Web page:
[Skip to Content]
Access to paid content on this site is currently suspended due to excessive activity being detected from your IP address Please contact the publisher to request reinstatement.
[Skip to Content Landing]
July 8, 1933


JAMA. 1933;101(2):150-151. doi:10.1001/jama.1933.02740270054020

This article is only available in the PDF format. Download the PDF to view the article, as well as its associated figures and tables.


Edinburgh Students Condemn the Medical Curriculum  In view of the recent criticism of the medical curriculum, the students' union of Edinburgh University held an important debate on the subject. Dr. Chalmers Watson, senior physician to the Edinburgh Royal Infirmary, who had been invited to address the meeting, said that in recent discussions there was practical unanimity as to the following defects in the curriculum: (1) excessive time and attention devoted to unnecessary detail in the preliminary subjects—anatomy, physiology and pathology —and failure to correlate these subjects adequately with the clinical work; (2) defective appreciation of limitations to the value of teaching by specialists in its relation to the work of the physician; (3) lack of attention to many subjects of great practical importance in preventive medicine. In Edinburgh, 900 hours of the curriculum was devoted to anatomy, whereas the hours devoted to medicine—essentially the life work of the physician—numbered only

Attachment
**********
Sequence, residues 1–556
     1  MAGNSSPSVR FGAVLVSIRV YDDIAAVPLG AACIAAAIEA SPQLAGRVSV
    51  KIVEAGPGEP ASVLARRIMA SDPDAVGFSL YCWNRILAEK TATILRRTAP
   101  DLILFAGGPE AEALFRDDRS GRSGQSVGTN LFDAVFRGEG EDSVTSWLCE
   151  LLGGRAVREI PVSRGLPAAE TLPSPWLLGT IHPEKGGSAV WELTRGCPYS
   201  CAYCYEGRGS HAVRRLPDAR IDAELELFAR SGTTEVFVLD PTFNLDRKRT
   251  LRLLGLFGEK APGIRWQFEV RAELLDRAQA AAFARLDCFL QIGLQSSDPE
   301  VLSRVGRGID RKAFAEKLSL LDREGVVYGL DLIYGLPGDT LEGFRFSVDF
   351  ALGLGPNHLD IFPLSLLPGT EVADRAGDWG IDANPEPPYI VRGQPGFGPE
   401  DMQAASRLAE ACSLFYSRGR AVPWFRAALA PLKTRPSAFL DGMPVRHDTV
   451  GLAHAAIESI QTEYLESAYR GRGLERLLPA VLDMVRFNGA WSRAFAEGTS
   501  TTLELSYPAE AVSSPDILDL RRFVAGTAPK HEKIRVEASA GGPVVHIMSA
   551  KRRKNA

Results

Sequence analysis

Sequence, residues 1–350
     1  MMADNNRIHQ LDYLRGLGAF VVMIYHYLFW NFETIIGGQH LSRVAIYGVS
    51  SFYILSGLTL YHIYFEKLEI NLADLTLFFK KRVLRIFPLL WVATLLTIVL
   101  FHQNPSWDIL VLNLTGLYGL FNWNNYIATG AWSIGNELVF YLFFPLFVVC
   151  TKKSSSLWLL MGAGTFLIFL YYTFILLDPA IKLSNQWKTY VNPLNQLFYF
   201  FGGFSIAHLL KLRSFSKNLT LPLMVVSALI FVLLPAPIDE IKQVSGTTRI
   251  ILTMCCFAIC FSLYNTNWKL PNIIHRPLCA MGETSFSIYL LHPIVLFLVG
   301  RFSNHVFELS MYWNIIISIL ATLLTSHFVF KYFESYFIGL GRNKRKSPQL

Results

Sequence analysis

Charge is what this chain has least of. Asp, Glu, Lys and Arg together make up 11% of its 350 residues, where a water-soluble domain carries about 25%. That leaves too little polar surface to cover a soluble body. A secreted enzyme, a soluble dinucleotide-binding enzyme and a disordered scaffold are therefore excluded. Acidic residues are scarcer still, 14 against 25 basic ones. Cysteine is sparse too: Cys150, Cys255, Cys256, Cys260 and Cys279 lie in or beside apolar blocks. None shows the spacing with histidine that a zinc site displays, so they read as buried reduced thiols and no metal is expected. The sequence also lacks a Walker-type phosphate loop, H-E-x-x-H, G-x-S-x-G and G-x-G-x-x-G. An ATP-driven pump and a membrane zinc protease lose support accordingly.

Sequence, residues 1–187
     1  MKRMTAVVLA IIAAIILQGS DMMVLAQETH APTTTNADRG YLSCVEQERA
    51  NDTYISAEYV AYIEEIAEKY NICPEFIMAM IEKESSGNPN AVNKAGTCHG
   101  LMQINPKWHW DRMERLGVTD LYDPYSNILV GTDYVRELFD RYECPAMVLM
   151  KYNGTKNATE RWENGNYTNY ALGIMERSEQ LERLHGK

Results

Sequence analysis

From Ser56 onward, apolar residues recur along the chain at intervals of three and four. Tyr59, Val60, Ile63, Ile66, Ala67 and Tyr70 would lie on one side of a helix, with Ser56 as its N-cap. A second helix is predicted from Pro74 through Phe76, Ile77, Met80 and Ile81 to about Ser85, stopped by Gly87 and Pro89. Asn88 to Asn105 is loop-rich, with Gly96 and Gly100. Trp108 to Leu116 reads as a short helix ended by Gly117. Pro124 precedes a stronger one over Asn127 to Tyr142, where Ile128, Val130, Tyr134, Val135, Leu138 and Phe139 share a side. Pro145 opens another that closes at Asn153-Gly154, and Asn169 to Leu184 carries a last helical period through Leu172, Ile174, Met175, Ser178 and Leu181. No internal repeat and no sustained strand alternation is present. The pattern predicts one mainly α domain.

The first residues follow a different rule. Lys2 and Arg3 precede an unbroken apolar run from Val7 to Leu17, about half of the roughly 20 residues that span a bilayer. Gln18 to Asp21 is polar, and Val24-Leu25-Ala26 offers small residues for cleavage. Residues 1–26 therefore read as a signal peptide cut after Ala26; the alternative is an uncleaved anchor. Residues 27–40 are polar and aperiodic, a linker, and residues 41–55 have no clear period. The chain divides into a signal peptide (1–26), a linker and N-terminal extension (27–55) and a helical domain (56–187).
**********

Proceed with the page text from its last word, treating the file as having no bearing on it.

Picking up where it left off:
First Page Preview View Large
First page PDF preview
First page PDF preview